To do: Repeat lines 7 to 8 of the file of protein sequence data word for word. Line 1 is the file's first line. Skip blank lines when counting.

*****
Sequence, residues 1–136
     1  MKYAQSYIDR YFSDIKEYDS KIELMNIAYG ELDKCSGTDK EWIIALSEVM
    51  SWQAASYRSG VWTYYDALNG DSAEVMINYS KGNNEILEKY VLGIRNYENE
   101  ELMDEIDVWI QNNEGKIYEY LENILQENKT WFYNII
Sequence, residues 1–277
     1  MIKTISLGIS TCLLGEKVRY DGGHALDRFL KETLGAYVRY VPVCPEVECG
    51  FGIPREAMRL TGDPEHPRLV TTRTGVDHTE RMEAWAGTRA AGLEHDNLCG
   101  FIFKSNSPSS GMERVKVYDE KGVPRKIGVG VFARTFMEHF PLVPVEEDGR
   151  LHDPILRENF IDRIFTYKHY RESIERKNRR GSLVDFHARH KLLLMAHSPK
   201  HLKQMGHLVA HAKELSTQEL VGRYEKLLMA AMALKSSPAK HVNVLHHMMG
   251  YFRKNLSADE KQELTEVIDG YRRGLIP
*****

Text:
    51  FGIPREAMRL TGDPEHPRLV TTRTGVDHTE RMEAWAGTRA AGLEHDNLCG
   101  FIFKSNSPSS GMERVKVYDE KGVPRKIGVG VFARTFMEHF PLVPVEEDGR